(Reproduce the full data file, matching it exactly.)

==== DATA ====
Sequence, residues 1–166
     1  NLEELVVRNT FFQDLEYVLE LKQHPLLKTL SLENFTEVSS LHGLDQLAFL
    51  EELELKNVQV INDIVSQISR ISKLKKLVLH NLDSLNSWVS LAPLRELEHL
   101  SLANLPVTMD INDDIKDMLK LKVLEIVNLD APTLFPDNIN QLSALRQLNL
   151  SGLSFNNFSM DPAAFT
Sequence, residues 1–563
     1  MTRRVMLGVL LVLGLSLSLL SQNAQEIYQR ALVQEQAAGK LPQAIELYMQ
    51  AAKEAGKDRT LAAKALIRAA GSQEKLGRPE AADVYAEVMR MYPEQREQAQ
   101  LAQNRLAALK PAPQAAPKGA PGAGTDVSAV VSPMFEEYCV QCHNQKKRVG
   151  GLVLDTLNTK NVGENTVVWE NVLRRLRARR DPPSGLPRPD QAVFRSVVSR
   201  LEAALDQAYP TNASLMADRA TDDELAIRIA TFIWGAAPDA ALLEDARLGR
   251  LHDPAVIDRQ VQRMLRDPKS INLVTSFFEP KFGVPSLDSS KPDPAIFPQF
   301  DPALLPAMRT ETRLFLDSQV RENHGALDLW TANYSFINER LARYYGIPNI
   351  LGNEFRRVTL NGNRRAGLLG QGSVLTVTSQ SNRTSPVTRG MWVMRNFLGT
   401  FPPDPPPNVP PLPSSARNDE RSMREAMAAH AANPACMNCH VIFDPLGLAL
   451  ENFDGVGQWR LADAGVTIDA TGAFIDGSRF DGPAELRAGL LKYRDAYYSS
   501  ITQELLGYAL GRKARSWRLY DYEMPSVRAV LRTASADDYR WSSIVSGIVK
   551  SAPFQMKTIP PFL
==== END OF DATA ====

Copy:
Sequence, residues 1–166
     1  NLEELVVRNT FFQDLEYVLE LKQHPLLKTL SLENFTEVSS LHGLDQLAFL
    51  EELELKNVQV INDIVSQISR ISKLKKLVLH NLDSLNSWVS LAPLRELEHL
   101  SLANLPVTMD INDDIKDMLK LKVLEIVNLD APTLFPDNIN QLSALRQLNL
   151  SGLSFNNFSM DPAAFT
Sequence, residues 1–563
     1  MTRRVMLGVL LVLGLSLSLL SQNAQEIYQR ALVQEQAAGK LPQAIELYMQ
    51  AAKEAGKDRT LAAKALIRAA GSQEKLGRPE AADVYAEVMR MYPEQREQAQ
   101  LAQNRLAALK PAPQAAPKGA PGAGTDVSAV VSPMFEEYCV QCHNQKKRVG
   151  GLVLDTLNTK NVGENTVVWE NVLRRLRARR DPPSGLPRPD QAVFRSVVSR
   201  LEAALDQAYP TNASLMADRA TDDELAIRIA TFIWGAAPDA ALLEDARLGR
   251  LHDPAVIDRQ VQRMLRDPKS INLVTSFFEP KFGVPSLDSS KPDPAIFPQF
   301  DPALLPAMRT ETRLFLDSQV RENHGALDLW TANYSFINER LARYYGIPNI
   351  LGNEFRRVTL NGNRRAGLLG QGSVLTVTSQ SNRTSPVTRG MWVMRNFLGT
   401  FPPDPPPNVP PLPSSARNDE RSMREAMAAH AANPACMNCH VIFDPLGLAL
   451  ENFDGVGQWR LADAGVTIDA TGAFIDGSRF DGPAELRAGL LKYRDAYYSS
   501  ITQELLGYAL GRKARSWRLY DYEMPSVRAV LRTASADDYR WSSIVSGIVK
   551  SAPFQMKTIP PFL